Over the past few days the debate has raged over how to deal with pay day lenders, loan sharks and even worse and more aggressive types of lending practice. It was unfortunate that the C of E was found to have a tiny investment in the loathsome Wonga but hardly surprising given the complexity of modern company structures. Well done Archbishop Welsby for setting the pace.
In Liverpool the Lib Dems set down some important markers at our last council meeting about support for such things as
• Credit unions
• The move your money campaign
• Assistance to Advice Bureau
• The development of a Liverpool Bank
In addition looking outside Liverpool we supported the principle of a Tobin Tax. Regrettably, the Labour Party acted in their usual bovine way and insisted on making amendments to these attacking the current Government whilst ignoring the fact that their Government had done NOTHING about any of these vital areas. However, they could not object to the principles that the Liberal Democrats put down so we all eventually supported an unnecessarily political motion because those principles were the right one.
So we are doing what we can locally and I am delighted that nationally the Government led by some hefty leadership from Nick Clegg and Danny Alexander are also tackling then problems head on
In March 2013, BIS-commissioned research from Bristol University into the impact of introducing a cap on the total cost of high cost credit, including payday loans, was published. The Office of Fair Trading (OFT) also issued the findings of their review of payday lenders’ compliance with the law and with OFT guidance.
Taken together, these reports found that the payday lending market was not functioning in consumers’ interests and that there was widespread non-compliance and poor practice in the industry. Whilst the Bristol Report also raised some concerns about the other forms of high cost credit it looked at, the evidence did not suggest that the scale of the problem was as pronounced as in the payday lending market.
As a result, the Government announced a strong action plan to tackle the current problems in the payday lending market working with the relevant regulators. Since then action has been underway to deliver on these announcements.
The current regulator OFT is in the midst of tough enforcement and compliance activity. Since March, OFT have sent compliance letters to each of the 50 leading payday lenders they reviewed (which together account for 90% of the market). Of the 21 that have responded so far, six have left the payday market – two surrendered their licences upon receiving letters and four have ceased to provide payday loans. The remaining lenders have 12 weeks from receipt of their letters to prove their compliance. If the OFT still have concerns upon receipt of the responses from lenders, they will consider taking further enforcement action. This can include taking steps to remove the lenders’ licence, impose legal requirements on them to change their behaviour or, if the OFT have evidence of imminent harm to consumers, suspend their licence immediately. In addition to these 50 lenders, the OFT has revoked the licences of three other payday lenders and another has surrendered its licence since March.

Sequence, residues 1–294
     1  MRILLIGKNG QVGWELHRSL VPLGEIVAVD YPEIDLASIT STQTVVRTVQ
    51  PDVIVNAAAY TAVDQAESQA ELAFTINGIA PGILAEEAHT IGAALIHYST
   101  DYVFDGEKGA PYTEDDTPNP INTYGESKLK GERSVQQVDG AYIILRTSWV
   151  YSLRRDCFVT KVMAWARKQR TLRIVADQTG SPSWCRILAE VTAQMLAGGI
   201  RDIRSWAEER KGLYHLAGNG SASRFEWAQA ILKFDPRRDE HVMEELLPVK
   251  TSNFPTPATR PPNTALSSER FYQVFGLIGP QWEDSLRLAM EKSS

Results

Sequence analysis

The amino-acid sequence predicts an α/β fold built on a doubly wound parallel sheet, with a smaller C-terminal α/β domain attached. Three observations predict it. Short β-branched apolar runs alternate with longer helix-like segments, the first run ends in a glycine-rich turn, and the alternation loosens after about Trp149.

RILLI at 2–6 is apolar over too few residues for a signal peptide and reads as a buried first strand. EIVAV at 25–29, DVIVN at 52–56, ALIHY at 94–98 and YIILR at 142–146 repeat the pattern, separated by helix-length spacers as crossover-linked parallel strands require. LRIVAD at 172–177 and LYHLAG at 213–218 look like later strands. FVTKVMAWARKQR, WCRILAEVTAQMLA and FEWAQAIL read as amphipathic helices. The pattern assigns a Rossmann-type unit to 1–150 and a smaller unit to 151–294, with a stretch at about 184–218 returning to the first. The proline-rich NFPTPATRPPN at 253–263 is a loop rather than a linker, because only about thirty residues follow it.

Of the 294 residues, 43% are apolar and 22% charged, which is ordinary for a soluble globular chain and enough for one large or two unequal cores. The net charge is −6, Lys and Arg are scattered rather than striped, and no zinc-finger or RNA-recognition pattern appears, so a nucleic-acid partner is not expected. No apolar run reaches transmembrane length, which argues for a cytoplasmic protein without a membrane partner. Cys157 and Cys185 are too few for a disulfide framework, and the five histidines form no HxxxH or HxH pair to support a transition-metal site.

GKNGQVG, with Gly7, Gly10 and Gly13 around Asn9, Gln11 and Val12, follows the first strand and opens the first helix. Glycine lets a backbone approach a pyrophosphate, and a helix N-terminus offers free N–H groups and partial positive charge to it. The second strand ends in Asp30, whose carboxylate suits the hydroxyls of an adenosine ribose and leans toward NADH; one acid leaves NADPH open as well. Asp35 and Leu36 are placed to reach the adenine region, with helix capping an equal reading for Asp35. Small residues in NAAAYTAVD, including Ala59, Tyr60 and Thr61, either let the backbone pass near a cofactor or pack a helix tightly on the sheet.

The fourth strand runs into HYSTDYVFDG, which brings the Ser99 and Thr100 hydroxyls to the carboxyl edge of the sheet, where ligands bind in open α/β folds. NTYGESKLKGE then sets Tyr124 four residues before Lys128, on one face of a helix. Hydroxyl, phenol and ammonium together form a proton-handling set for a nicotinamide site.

OFT have also just referred the entire payday lending market to the Competition Commission, on the grounds that there are fundamental problems with the way the payday market works. The Competition Commission has far reaching powers that could fix these problems if they decide to and the Financial Conduct Authority (FCA) will work closely with them. The FCA is the successor body to the Financial Services Authority and will take on responsibility for regulating consumer credit from April 2014.
The FCA has committed to prioritise action on payday lending right from April 2014. This includes looking at turning OFT guidance on payday lending into FCA rules which will be subject to more stringent enforcement and compliance action from April 2014. The FCA are also considering whether new, additional rules on payday lending are necessary from April 2014. BIS have commissioned research on payday lending advertising to help develop Government’s understanding of the impact it has on consumer behaviour and to help inform FCA’s thinking as they look towards regulation of this sector. The FCA will be setting out their thinking on new rules in September in a consultation.
Government has just held, on 1st July, a payday lending summit to take stock of where we have got to since March, and to consider what still needs to be done collectively to address outstanding concerns. This included consideration of what measures the FCA could introduce to reduce consumer harm in the industry when they become the regulator in 2014. At the summit, we also launched two new surveys – a consumer survey and a business survey to check how well the payday industry is meeting the standards set out in the voluntary codes implemented by industry last November.
Government is also supporting the provision of alternatives to payday loans. We have committed investment of up to £38 million in credit unions – to increase access to affordable credit for at least 1 million more people and save consumers up to £1 billion in loan repayments by March 2013. We are also raising the maximum interest rate credit unions can charge per calendar month from 2% to 3%, coming into force on 1 April 2014. This should reduce losses on loans, increase stability and improve consumer access to affordable credit. Further, in January 2012, the Government brought a Legislative Reform Order into effect, to improve the environment in which credit unions operate. In addition, we have worked with the FCA to transfer the regulation of Northern Ireland credit unions to the FCA from 31 March 2012. This means Northern Ireland credit union depositors will be protected by the Financial Services Compensation